Sweltering heat and harsh treatment by human smugglers (known as coyotes) often leaves migrants sick, dehydrated, lost, and desperate for help in the scrubby and desolate ranchlands of the Rio Grande Valley at the southern tip of Texas.
“Once the coyote sees that somebody is falling behind, they’ll tell the group to keep moving, that they have someone else coming behind to help them,” said Elizabeth (Liz) Gamez, supervisory border patrol agent at the Rio Grande Valley Sector of US Border Patrol. “They don’t. They just leave them there to die.”
The US Border Patrol’s Rio Grande Valley Sector in Texas responds to an average of seven 9-1-1 calls per day for its coverage area of 34,000 square miles. Getting to the caller in time can prove difficult, due to vast distances and because individuals can be very hard to find in such remote places.
Widely spaced cell towers in this rural area mean a location trace is only accurate to a radius of 20 miles around the tower. There just aren’t enough towers to triangulate and achieve the 30-meter radius location trace that’s possible in urban settings. Without a better means to find the caller’s location, agents have to scour the land, flying search patterns from aircraft with on-the-ground patrols each searching grid sectors.
To improve its success helping those in need, Rio Grande Valley Sector recently rolled out the Missing Migrant Program. Staff installed 187 metal placards with an image of a phone and the word auxilio (help) pointing to 9-1-1 and a unique code identifying the ubicacion (location). Those calling for help can read off the code to let agents know exactly where they are.
“Search and rescue takes top priority,” Gamez said. “If we get a 9-1-1 call with individuals in distress, we’ll send all rescue assets to the call even if we’re tracking a narcotic load down the trail.”
Response is swift when the Border Patrol knows where to go. A specialized unit, called the Border Patrol Search, Trauma, and Rescue Unit (BORSTAR), uses Black Hawk helicopters to find people in trouble. BORSTAR members are emergency medical technicians (EMTs) trained in rescue techniques. The team also includes search and rescue dogs that work off leash to track the scent of missing people, an integral element in the Rio Grande Valley where dense brush can hide a person just yards away. The specialty units are supported by agents in the field in all-terrain vehicles and on horseback.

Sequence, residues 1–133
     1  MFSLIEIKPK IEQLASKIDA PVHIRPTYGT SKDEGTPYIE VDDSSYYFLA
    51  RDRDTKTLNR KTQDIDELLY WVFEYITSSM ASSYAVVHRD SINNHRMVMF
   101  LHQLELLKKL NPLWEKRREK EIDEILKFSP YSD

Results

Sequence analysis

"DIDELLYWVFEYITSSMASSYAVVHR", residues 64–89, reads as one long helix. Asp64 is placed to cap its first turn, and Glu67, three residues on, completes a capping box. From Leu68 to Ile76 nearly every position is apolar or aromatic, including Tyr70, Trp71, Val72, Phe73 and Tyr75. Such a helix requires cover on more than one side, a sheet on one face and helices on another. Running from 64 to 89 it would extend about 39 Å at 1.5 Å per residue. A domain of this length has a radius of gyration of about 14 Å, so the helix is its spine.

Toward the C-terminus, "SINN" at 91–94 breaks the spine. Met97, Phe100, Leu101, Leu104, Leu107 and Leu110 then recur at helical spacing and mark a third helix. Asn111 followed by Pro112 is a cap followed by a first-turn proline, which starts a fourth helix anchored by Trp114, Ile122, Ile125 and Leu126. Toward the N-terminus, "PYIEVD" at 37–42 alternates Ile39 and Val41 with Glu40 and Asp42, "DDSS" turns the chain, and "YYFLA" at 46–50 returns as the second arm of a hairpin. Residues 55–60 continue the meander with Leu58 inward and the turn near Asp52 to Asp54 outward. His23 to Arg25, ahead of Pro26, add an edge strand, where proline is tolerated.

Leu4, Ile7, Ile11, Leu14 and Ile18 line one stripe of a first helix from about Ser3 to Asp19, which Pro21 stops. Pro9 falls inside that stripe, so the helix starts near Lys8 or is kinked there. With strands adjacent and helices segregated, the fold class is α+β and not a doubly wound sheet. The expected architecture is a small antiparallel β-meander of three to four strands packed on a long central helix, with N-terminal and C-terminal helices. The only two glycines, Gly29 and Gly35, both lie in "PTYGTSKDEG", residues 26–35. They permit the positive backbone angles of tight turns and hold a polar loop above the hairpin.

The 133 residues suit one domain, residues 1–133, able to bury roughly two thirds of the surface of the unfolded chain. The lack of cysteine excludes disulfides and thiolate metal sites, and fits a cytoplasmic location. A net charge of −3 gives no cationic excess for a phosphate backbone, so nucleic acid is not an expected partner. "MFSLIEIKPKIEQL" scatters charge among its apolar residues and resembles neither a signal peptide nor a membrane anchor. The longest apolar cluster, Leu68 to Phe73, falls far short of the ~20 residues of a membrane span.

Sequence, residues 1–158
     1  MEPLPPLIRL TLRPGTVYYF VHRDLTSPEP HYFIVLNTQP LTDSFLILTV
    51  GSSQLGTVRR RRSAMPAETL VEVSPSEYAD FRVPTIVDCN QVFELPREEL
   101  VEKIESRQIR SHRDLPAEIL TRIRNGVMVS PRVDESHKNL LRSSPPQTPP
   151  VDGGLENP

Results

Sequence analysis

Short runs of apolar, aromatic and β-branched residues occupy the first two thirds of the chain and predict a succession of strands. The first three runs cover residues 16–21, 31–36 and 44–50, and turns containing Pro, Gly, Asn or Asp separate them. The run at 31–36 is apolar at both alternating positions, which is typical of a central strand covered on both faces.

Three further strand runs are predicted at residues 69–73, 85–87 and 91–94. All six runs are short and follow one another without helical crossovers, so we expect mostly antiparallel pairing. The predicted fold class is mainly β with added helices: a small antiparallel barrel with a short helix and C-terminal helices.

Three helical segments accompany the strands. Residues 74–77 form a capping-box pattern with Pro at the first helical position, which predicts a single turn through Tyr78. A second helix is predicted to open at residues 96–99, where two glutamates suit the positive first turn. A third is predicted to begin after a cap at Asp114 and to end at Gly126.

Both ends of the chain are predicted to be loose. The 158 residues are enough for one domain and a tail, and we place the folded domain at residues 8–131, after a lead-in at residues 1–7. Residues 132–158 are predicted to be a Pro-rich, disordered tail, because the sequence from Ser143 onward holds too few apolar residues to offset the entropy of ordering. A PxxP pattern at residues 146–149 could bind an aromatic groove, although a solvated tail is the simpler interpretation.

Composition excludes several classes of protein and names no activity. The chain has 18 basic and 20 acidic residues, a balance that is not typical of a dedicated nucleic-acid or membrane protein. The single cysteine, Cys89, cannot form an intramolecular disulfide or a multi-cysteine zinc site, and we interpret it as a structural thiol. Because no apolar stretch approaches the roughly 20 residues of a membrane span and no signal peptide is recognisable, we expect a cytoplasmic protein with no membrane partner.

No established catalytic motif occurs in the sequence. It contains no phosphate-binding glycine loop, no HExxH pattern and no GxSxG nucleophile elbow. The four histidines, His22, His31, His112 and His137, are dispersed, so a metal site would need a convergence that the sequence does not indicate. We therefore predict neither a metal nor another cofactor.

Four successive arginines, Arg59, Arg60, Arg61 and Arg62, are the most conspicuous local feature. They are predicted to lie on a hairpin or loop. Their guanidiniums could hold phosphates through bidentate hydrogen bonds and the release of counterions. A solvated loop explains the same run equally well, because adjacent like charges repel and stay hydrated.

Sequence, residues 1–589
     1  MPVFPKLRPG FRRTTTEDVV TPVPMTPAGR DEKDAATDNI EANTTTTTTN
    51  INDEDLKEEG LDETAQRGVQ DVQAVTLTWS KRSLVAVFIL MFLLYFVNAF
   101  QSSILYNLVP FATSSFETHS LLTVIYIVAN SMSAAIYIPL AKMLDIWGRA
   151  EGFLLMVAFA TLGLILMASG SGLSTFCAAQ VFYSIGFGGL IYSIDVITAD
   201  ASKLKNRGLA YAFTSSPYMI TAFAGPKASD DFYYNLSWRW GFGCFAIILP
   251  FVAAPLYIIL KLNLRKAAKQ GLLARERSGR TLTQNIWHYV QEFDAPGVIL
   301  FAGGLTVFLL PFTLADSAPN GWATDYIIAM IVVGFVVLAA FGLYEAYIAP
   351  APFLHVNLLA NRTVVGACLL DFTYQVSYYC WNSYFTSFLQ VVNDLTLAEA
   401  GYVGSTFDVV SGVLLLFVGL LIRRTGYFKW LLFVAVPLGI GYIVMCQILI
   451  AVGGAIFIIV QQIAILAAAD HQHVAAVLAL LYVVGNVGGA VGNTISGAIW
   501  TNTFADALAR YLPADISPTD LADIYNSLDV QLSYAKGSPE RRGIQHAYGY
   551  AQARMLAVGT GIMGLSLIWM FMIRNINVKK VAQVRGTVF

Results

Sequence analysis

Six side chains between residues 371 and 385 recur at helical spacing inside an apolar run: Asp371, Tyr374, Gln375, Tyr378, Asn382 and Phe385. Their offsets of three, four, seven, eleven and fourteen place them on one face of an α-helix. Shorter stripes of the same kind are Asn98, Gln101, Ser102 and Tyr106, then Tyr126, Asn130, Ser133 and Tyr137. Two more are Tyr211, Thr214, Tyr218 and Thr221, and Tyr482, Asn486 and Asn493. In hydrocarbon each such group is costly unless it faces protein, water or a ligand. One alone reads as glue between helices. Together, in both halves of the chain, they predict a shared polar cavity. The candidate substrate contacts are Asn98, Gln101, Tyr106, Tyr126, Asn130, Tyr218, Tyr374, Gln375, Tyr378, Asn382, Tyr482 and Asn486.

Missing Migrant Program
The US Border Patrol’s Missing Migrant Program, which got its start in July 2016, has four objectives: prevention, location, identification, and reunification. The identification piece often involves a forensics specialist to find identifying clues from human remains.
“I have a total of 51 deaths so far this fiscal year, and that doesn’t even include the seven that I lost on Friday,” Gamez said in late May 2019. (This number includes Border Patrol reports as well as forensic support provided to other agencies).
From the start of the federal fiscal year in October 2018 to the end of May 2019, a total of 223,263 migrants were apprehended and processed in the Rio Grande Valley Sector. Like many US border crossings, the sector has seen a dramatic spike in the number of undocumented migrants detained. In May alone, there were 49,855. More people attempting to cross the border, means an increase in casualties.
Migrants must often place their fates in the hands of smuggling organizations that treat them more like cargo than human beings, hiding the truth about the harshness of the journey.
“They’re paying coyotes to take them to the border and are told it requires only an hour or two of walking,” Gamez said. “Instead, it takes two or three days across rough and rugged terrain, through thick brush, where there is no water, and it’s extremely hot and humid— this past weekend the temperature hit 112 degrees.”
Improving Location Information